Truthy and Falsy

TypeScript considers some values as "falsy". When evaluated inside a boolean expression, they will act as false. Here are a few examples of falsy variables in TypeScript:

  • false
  • 0
  • NaN (the "not a number" value)
  • "" (empty string)
  • [] (empty array)
  • null
  • undefined

All other values will be considered "truthy", meaning that when evaluated as a boolean expression, they will act as true.

The || (logical OR) operator can be used to select the first non-falsy value. For example:

const bananas = 3;
const apples = 0;

// will be set to 3 since bananas is truthy
const numberOfBananasOrApples = bananas || apples;

const oranges = 0;
const pears = 4;

// will be set to 4 since oranges is falsy
const numberOfBananasOrApples = oranges || pears;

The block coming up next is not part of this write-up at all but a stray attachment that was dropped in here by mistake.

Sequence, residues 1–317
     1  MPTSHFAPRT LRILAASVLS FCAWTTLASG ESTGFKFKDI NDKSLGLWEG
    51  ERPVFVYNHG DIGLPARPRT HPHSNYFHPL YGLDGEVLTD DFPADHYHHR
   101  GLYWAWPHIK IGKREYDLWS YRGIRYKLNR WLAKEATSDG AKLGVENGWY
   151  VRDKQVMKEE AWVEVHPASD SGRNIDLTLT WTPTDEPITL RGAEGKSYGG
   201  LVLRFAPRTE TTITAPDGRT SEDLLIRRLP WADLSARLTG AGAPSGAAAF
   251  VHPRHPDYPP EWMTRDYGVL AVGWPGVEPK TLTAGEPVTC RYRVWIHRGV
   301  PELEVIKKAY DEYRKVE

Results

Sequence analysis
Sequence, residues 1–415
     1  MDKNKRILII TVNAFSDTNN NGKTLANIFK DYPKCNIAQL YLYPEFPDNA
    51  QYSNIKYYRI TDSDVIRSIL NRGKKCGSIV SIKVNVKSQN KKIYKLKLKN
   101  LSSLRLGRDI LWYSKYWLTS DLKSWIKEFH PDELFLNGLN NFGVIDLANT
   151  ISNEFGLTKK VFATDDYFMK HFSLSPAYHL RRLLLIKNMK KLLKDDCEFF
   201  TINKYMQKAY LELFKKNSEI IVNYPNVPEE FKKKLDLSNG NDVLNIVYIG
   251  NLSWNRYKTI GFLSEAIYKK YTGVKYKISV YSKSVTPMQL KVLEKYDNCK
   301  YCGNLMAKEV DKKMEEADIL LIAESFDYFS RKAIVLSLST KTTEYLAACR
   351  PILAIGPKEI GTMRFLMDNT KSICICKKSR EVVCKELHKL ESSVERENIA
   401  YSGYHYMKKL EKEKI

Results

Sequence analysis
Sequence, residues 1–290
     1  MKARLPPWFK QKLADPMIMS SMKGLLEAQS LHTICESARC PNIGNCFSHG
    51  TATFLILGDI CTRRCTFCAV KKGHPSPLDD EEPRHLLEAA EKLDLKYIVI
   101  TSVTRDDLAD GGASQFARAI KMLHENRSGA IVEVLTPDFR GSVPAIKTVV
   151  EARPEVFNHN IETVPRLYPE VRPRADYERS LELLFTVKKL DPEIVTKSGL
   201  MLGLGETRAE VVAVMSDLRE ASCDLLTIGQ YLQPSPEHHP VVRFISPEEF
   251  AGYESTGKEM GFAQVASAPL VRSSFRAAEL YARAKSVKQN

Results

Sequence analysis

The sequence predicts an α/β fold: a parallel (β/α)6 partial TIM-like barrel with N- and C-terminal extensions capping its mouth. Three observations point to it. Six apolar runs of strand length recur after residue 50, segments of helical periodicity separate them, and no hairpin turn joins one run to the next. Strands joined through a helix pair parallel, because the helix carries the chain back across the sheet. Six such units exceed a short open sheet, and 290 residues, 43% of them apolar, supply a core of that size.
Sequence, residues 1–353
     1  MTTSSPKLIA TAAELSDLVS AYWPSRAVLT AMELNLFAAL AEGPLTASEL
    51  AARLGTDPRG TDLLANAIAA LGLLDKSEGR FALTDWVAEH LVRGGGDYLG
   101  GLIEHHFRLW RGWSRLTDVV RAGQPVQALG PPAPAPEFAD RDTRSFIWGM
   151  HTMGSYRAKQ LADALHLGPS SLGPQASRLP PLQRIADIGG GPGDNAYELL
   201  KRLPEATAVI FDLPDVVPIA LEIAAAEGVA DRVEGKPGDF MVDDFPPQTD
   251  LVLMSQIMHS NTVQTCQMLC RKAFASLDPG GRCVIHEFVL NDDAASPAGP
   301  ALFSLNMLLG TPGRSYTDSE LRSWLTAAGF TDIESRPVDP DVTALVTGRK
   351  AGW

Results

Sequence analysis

Using the double not operator combination (!!)

To force a variable into it's boolean representation from either truthy or falsy to either true or false, use !! as follows:

For example:

const bananas = 3;
const apples = 0;

// will be set to true because bananas is greater than zero
const atLeastOne = !!bananas || !!apples;

The logical not operator forces TypeScript to turn the variable into a boolean value, and using it twice will flip the condition to true if it is truthy and false otherwise.

The nullish coalescing operator (??)

TypeScript allows to return a "fallback" value if the left side of the operator is either null or undefined. It is similar to using the logical OR operator || but will choose the right value only if the left side is either null or undefined, whereas the || operator will choose the left side only if the value is truthy.

const apples = 0;
const oranges = 3;

// will be set to 0 since apples is a number
const applesOrOranges = apples ?? oranges;

// will be set to 3 since apples is falsy
const numberOfApplesOrOranges = apples || oranges;


Select the first number from the variables a, b, and c which is not null or undefined.

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